Laskaris, G; Hadjivassiliou, M; Stratigos, J

1992-03-01

185

[The clinical and cytological characteristics of the oral mucosa in Sjögren's disease and chronic parotitis].  

PubMed

Clinical stomatologic and cytologic studies were carried out in 31 patients with Sjogren's disease, 12 ones with chronic parotitis, and 5 normal subjects. Patients with Sjogren's disease, in contrast to those with chronic parotitis, develop clinically manifest signs of dry exfoliative cheilitis, xerostomia, atrophic changes in the buccal mucosa; this condition is associated with a very high caries intensity and no clinical manifestations of periodontitis or tartar. Elevated leukocyte levels in oral washings and oral fluid of patients with Sjogren's disease and chronic parotitis point to inflammations in the salivary glands, buccal mucosa, and periodontal tissues. Assessment of the leukocyte levels may be used for monitoring the disease course and treatment efficacy. A 3-5-fold enlargement of the deep-layer epitheliocytes, seen on the cytogram of oral washings, is characteristic of patients with Sjogren's disease, in contrast to those with chronic parotitis or normal subjects. A differentiated estimation of the epitheliocyte types in the cytogram of oral washings may be used in the diagnosis of Sjogren's disease along with the criteria suggested before. PMID:1798989

Pozharitskaia, M M; Makarova, O V; Malomud, Z P; Kats, A G

186

Limited Scleroderma with Pauci-Immune Glomerulonephritis in the Presence of Renal Cell Carcinoma  

PubMed Central

Connective tissue disorders increase the risk of malignancy; conversely, they may manifest as rheumatological paraneoplastic syndromes due to an underlying malignancy. We describe the case of a patient with limited scleroderma whose rapid disease progression coincided with the discovery of a renal tumor. A woman, age 75 years, presented with a 3-month history of progressive difficulty grasping objects, unsteadiness, dyspnea, xerostomia, xerophthalmia, and significant weight loss. She had a 10-year history of gastroesophageal reflux and Raynaud’s phenomenon. Pertinent physical examination findings included facial telangiectasias, bibasilar inspiratory rales, sclerodactyly, and absent pinprick and vibratory sensation in her toes. She also had swelling and tenderness in several metacarpophalangeal and interphalangeal joints and in both ankles. A renal mass was demonstrated on abdominal computed tomography. A left partial nephrectomy was performed, confirming an unclassified type of renal cell carcinoma, along with a focal proliferative crescentic pauci-immune glomerulonephritis. Medical therapy with rituximab, pulse methylprednisolone, and prednisone led to improvement in her symptoms. The patient’s presentation is consistent with a rapid progression of pre-existing limited scleroderma with the development of new rheumatological symptoms, including vasculitis. We propose that this progression was secondary to paraneoplastic stimulation by the renal cell carcinoma. Clinicians should consider looking for a malignancy in patients with connective tissue disorders who present with a myriad of new symptoms.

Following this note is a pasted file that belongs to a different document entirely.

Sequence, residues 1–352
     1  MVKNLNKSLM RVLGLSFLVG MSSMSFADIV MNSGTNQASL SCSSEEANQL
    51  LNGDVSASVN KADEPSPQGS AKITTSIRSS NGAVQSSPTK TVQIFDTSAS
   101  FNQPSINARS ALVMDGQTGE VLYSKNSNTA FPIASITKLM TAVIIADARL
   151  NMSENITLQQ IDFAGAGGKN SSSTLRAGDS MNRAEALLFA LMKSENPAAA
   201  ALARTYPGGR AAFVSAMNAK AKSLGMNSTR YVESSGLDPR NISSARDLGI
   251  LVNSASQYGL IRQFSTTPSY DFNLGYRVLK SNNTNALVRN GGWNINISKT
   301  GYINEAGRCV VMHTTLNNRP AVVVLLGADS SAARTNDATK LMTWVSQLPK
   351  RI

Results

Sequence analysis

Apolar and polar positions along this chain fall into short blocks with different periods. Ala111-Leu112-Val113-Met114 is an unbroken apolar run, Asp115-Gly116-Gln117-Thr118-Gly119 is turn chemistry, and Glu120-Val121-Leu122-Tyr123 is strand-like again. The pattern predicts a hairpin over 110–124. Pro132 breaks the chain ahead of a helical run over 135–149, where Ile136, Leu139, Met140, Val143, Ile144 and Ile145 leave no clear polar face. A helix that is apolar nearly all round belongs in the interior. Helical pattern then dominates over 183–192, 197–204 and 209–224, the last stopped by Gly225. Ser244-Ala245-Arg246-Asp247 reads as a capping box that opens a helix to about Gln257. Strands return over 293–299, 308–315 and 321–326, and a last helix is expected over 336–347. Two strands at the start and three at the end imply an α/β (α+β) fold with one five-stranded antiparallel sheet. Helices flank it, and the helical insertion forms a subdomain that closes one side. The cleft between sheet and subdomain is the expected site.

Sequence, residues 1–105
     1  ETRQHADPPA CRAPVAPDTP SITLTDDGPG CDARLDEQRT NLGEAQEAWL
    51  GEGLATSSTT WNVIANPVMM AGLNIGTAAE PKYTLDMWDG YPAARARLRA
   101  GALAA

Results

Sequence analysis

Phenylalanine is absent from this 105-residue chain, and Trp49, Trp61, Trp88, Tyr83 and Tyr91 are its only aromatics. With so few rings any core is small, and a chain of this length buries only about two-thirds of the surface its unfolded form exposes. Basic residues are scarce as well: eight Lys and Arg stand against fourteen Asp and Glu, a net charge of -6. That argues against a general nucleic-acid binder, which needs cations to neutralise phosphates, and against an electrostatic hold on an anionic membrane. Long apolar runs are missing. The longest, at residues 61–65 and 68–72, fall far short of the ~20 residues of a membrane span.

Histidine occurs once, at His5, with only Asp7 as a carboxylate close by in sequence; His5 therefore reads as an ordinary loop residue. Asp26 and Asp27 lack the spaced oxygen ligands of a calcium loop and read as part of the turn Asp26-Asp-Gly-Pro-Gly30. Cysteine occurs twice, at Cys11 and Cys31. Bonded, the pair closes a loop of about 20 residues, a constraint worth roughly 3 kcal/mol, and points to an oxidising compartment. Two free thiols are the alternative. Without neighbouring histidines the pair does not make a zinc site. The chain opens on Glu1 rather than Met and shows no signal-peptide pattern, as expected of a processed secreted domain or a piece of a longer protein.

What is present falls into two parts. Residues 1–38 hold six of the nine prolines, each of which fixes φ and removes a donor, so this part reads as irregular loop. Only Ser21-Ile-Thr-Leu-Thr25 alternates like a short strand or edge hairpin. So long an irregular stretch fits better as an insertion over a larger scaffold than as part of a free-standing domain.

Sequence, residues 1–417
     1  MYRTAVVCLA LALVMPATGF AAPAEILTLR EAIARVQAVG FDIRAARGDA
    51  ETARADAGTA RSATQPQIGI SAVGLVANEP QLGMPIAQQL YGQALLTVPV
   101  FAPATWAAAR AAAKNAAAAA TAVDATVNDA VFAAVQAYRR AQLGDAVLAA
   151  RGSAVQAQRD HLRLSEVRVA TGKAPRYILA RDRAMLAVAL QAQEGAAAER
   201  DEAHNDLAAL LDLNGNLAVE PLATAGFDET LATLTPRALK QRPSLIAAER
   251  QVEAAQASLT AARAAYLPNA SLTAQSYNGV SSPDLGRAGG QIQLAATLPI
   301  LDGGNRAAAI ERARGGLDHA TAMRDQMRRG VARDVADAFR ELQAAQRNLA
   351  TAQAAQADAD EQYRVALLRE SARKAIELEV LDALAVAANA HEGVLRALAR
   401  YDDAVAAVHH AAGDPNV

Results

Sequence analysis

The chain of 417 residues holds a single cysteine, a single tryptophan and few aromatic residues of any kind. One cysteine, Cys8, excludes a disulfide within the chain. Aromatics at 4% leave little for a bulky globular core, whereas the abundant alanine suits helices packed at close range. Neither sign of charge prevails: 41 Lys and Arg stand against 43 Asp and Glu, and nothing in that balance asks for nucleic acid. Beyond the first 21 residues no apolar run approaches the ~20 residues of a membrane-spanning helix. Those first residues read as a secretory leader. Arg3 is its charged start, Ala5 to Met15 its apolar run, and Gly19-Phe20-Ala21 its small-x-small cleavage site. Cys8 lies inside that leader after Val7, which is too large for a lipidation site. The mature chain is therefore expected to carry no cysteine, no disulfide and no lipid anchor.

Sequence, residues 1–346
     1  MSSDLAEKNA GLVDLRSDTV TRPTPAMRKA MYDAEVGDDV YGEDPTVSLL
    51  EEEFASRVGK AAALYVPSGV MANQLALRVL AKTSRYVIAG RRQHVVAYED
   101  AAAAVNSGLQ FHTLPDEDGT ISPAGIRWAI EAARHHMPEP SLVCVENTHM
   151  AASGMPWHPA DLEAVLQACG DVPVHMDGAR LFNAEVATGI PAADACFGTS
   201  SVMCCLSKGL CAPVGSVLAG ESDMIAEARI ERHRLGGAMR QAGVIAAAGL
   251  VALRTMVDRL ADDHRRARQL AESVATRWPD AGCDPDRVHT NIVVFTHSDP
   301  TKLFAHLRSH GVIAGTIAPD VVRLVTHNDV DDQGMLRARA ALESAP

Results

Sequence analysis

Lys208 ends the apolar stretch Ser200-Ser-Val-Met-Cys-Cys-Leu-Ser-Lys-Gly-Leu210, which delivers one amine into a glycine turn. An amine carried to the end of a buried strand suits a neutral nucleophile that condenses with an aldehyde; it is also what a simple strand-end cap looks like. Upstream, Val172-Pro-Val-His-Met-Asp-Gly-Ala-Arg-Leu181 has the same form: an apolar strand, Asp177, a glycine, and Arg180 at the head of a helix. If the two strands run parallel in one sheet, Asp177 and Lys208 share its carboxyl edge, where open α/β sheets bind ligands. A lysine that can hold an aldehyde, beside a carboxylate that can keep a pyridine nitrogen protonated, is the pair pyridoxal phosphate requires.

Abrich, Victor; Duvuru, Sudhir; Swanson, Howard J.

2013-01-01

187

[Analysis of oral mucosal lesions in patients referred to oral medicine specialists].  

PubMed

. The need for studies on prevalence of lesions in the field of oral medicine increases as more patients suffer from oral mucosal diseases. Data on prevalence of oral mucosal diseases throughout the world are scarce. Therefore, we have made a retrospective study of patients referred to the Department of Oral Medicine, University of Zagreb, during a period of one year, i.e. 2010. Data on patient age, gender and diagnosis were recorded. Out of 1118 analyzed clinical records of the patients, 756 (67.6%) were women and 362 (32.4%) were men. The age range of female patients was 54 +/- 19 years (mean age 62.17 years) and the male age range was 49+/-21 (mean age 64.17 years). The most common diagnosis was burning mouth syndrome (23.4%), followed by xerostomia (10.6%), traumatic ulceration (8.7%), geographic tongue (6.6%) and denture stomatitis (5.7%). Other diagnoses were found in a smaller percentage. Our results point out an increased need for oral medicine services. PMID:23991489

Brailo, Vlaho; Boras, Vanja Vuci?evi?; Pintar, Elizabeta; Juras, Danica Vidovi?; Karaman, Natasa; Rogulj, Ana Andabak

188

Prevalence of Oral Mucosal Lesions in Patients with Type 2 Diabetes Attending Hospital Universiti Sains Malaysia  

PubMed Central

Objectives: Diabetes mellitus is associated with a greater likelihood of developing certain oral mucosal disorders. This study was aimed at assessing the prevalence of oral mucosal lesions (OMLs) in patients with type 2 diabetes (DM2) and to investigate the association of such lesions with metabolic control of the disease. Methods: This cross-sectional study involved 391 patients with DM2 and 391 non-diabetic control subjects. Demographic information and data on the duration and type of diabetes, glycosylated hemoglobin (HbA1c) values, medical history, and current use of medication were obtained from medical records. Detailed oral examination was performed in accordance with international criteria. Results: The prevalence of OMLs was significantly higher among diabetic patients (45.5%) than among control subjects (38.4%) (P = 0.042). Patients with diabetes had a higher prevalence of geographic tongue (GT) (P = 0.017), denture stomatitis (P = 0.018), and angular cheilitis (P = 0.006) than controls. Overall, diabetic patients with poor metabolic control had a significantly higher prevalence of OMLs and xerostomia than patients with moderately and well-controlled disease (P < 0.05). Conclusion: The prevalence of OMLs was significantly higher in diabetic patients than in control subjects. Higher occurrence of OMLs was significantly associated with poor metabolic control.